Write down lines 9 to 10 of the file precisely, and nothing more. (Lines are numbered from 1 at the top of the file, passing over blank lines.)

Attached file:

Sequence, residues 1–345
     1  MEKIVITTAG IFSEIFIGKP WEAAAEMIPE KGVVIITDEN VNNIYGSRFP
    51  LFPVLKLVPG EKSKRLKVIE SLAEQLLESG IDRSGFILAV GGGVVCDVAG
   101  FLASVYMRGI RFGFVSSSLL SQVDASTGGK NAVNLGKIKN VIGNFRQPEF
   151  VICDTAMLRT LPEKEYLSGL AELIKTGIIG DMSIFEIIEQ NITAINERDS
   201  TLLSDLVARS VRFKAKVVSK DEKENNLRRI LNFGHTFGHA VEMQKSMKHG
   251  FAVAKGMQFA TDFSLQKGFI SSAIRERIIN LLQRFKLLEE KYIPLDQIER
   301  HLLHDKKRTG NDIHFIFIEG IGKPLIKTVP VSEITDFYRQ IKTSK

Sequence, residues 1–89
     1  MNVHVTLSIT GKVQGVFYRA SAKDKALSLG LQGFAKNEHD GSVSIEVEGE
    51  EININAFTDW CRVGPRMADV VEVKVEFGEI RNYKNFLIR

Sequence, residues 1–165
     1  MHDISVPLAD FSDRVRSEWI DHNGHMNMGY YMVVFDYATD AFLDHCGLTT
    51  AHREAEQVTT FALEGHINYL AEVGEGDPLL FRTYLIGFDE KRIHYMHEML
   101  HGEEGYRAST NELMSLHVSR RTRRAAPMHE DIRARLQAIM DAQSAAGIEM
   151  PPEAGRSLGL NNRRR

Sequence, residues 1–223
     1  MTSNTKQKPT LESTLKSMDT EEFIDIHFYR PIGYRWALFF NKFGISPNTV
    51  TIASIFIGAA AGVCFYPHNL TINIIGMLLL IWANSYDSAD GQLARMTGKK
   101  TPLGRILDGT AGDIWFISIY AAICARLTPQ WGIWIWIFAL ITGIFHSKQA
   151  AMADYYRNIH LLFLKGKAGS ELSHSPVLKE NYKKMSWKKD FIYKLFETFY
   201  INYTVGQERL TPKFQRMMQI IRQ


Sequence, residues 1–89
     1  MNVHVTLSIT GKVQGVFYRA SAKDKALSLG LQGFAKNEHD GSVSIEVEGE